To view the article on the Guardian website please click on the link

3 comments:

Anonymous said...

The amricans are failing oridinary kurds by supporting and nourshing two corrupt families who are running Kurdistan as their vineyard in a 50/50 style .

They now no longer believe in peaceful transition of power . Both barzani and talibani under the impression that they should remains president of even one twon forever . The neoptism is rife ex .

1- Barzanis cosin is prime minister of kurdistan local govt since this thing created
2- barzani son is head of securty apparts

3- other son is head of '?presidential' specia forces

4- Talabani son is representative of local govet in Washington sincehe was 20 years of age ???

5- talabani other son is head of an identical special security organisation in ares under their control .

They have stolen astronomical sums of moneies and yet oridinary kurds are struggling to go by daily life .

IS time for chnging this strange democracy ?!

Anonymous said...

Kurdistan: A Gangster State
Free Dr. Kamal Said Qadir!
by Justin Raimondo
Dr. Kamal Said Qadir, also known as Kamal Berzenji, was kidnapped by the agents of the Kurdish Democratic Party's intelligence unit, Parastin, on Oct. 26, 2005, and jailed. His "crime": writing "insulting" articles about Kurdish Democratic Party high mucky-muck and Kurdish Regional Government (KRG) President Massoud Barzani. In short, he committed lese-majeste, i.e., Qadir wounded the dignity of the king. After a "trial" that lasted one hour, he was sentenced to 30 years in prison.

This is what the "liberation" of Iraq has accomplished.

Qadir was born in a small village south of Hawler in southern Kurdistan and immigrated to Austria in 1978, where he studied law at the Vienna Law School. A former university instructor in Sulemani and Hawler, he was forced to flee Kurdistan again – after the "liberation" by the Americans – because he demanded more human rights and democracy in southern Kurdistan. At the time of his kidnapping, he was engaged in research activities in the field of constitutional law at the Faculty of Law in Vienna. He returned in order to set up a human rights monitoring group and to pursue legal action against the Kurdish Democratic Party, promising to reveal the secrets of the Barzani crime family. En route to a meeting with KDP officials in Arbil, he was arrested by KDP intelligence agents. Dr. Qadir was, in other words, lured and entrapped.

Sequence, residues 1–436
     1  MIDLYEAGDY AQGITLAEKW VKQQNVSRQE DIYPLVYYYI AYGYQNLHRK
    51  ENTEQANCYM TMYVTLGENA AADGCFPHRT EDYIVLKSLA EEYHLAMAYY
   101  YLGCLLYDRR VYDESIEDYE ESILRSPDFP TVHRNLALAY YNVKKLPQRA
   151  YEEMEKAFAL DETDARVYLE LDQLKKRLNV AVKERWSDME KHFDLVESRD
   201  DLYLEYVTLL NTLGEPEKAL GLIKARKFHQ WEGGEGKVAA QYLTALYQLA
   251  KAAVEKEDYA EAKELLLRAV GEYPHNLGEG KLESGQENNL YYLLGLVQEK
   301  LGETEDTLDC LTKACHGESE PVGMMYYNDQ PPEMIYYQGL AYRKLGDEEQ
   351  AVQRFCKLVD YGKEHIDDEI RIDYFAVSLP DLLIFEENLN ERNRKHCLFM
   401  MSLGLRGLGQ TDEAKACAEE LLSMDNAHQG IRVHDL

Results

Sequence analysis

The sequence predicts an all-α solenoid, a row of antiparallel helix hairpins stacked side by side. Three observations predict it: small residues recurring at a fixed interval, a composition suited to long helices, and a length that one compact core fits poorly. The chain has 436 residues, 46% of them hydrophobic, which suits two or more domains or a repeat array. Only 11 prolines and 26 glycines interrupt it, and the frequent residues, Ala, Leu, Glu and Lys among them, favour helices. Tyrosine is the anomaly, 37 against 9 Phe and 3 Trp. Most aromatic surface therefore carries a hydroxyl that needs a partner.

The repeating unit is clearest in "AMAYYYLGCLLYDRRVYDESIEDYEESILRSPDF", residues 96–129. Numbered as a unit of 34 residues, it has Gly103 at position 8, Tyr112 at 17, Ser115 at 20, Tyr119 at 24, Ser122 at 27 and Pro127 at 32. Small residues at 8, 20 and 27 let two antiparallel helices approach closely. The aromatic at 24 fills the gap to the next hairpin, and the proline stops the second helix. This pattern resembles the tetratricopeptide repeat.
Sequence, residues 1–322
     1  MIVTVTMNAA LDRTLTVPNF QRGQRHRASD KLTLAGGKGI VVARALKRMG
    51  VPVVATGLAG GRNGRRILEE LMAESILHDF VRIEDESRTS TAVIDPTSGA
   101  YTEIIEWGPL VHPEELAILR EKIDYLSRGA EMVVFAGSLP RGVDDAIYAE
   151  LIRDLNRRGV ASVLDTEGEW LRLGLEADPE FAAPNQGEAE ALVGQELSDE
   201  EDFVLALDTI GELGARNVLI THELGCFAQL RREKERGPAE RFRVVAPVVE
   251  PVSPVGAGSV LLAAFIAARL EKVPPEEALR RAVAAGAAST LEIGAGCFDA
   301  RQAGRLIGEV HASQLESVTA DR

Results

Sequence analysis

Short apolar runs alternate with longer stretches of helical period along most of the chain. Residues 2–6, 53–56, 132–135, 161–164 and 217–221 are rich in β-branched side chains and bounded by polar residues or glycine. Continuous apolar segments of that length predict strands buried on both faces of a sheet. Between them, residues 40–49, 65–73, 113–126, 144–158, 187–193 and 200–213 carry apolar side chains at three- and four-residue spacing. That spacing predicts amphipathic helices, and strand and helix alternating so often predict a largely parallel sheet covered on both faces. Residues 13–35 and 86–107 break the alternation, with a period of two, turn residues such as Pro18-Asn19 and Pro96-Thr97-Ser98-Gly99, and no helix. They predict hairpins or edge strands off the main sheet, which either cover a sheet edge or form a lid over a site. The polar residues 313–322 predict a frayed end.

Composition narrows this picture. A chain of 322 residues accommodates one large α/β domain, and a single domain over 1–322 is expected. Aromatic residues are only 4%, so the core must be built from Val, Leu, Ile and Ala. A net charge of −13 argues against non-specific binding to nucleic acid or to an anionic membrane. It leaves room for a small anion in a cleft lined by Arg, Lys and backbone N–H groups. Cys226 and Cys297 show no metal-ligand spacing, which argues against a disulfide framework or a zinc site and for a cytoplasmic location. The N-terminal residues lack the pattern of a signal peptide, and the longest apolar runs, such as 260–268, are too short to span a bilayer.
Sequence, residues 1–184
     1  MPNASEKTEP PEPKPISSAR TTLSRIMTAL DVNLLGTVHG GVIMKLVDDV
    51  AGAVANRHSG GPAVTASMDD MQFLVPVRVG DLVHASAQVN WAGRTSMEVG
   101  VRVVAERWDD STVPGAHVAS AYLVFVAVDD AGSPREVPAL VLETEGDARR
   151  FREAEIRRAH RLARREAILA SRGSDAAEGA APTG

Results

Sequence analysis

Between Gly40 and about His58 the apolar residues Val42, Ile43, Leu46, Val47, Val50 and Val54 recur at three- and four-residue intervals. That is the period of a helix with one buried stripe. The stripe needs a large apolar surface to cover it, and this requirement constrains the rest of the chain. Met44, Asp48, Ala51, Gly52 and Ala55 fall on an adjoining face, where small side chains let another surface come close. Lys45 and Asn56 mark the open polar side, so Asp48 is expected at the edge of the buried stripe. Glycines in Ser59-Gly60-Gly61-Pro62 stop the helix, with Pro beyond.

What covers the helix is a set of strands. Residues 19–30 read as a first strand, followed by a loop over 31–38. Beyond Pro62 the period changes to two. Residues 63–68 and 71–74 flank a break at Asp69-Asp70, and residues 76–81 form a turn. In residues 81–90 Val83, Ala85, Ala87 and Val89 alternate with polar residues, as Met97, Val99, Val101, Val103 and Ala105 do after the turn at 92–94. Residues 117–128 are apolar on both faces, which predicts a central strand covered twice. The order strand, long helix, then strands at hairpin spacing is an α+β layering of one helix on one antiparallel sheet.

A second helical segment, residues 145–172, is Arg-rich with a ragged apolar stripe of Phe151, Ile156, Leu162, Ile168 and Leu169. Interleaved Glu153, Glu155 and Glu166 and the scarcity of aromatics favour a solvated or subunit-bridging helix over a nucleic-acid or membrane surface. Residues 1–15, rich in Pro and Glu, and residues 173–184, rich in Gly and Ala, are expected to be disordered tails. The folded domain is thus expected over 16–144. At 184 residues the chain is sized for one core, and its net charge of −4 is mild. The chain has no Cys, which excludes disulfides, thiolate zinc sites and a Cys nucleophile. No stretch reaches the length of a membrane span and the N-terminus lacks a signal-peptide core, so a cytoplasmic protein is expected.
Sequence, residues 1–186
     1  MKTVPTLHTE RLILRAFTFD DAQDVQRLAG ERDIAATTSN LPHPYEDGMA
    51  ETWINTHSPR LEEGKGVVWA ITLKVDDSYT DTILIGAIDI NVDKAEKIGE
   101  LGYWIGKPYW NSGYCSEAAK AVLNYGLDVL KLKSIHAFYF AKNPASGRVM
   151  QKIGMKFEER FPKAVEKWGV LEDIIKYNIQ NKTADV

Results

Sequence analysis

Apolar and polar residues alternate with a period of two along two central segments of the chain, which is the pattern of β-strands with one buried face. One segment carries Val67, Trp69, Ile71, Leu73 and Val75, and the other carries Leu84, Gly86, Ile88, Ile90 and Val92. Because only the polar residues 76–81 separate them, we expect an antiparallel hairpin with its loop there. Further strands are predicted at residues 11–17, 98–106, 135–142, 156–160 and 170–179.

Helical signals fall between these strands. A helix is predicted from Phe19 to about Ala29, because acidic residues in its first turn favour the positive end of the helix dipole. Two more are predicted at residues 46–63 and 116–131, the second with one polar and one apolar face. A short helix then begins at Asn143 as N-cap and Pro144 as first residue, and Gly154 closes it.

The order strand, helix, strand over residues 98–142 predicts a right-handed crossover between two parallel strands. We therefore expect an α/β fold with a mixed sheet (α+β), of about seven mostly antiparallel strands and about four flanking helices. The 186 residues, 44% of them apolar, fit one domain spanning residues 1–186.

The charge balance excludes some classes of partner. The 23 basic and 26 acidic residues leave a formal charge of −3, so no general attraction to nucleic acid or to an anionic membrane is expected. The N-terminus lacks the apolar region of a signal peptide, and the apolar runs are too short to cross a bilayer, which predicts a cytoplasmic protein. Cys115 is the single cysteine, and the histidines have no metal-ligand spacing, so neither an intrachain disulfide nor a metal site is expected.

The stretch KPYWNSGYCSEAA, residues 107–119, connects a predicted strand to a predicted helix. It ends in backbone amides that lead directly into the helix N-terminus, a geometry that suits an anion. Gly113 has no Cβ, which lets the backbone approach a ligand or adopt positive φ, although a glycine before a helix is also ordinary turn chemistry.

Semi-official U.S. protests over his detainment are belied by the news that the Kurds are rounding up their internal political opponents – with the active assistance of U.S. military forces – and stashing them in secret jails. Qadir is now on a hunger strike, and his health is rapidly deteriorating.

The Kurdish authorities – who have launched an ethnic-cleansing campaign against Arabs and are now readying themselves to seize the oil-rich city of Kirkuk, in northern Iraq – were doubtless enraged when Radio Free Europe cited Qadir in this piece about Kurdish corruption:

"Kamal Berzenji wrote in an article published by kurdishmedia.com in December 2002: 'The members of the [Kurdish] security services … try to make a business out of their powers by accusing and arresting anybody whom they think they could blackmail and extract money from.' He says the practice has its roots in Hussein's Ba'athist regime, but was also practiced during the Kurdish civil war in the 1990s. 'One of the reasons [for that war is] business – and profit-making by some Kurdish warlords on both sides. Some of them grew [into] millionaires by confiscating and stealing the property of his fellow Kurdish brothers.'"

It's as if reporters for the Washington Post, the New York Times, and other major media outlets were arrested for reporting on the buying of the Republican congressional caucus by Jack Abramoff & Co. They don't dare do that in America – quite yet – but in Kurdistan, to speak out against the corruption of empire is illegal: that's "democracy," Iraq-style.

What's more, Iraqi Kurdistan has been touted as an island of relative peace and prosperity, ripe for Western investment, and a source of all that "good news" that's supposedly being suppressed by the mainstream media. A massive propaganda campaign – engineered by the GOP-connected public relations firm of Russo, Marsh, and Rogers (RM&R) – has been launched to portray Barzani-land as a model of Iraqi "democracy." According to RM&R:

"'Of all the different groups in Iraq that have a vision for the future, the vision of the Kurds is closest to ours. It's important to recognize that the Kurds are not hostile to the West.' In addition, 'their vision, belief system, and values – they've had a democratic system in place for a while – parallel ours.' No doubt, it's 'a very messy situation over there and the country is trying to figure out its future. The Kurds would like the rest of country to look at the Kurdish region and see it as a model for the rest of the country.'"

Yes, the Kurdish gangster state resembles ours in that our rulers and their cronies shamelessly use the state for their own profit: in both cases, the system is based on bribery and corruption, the only difference being that, in the U.S., we still have something we call the rule of law, although the Bush administration has done everything possible to undermine it. In America, it is still possible to collar at least some of these kleptocrats and bring them to justice. In Kurdistan, however, and throughout Iraq, there is no law – only party militias on the rampage, offing their opponents and wilding in the streets, even going so far as to kill American journalists who expose their crimes.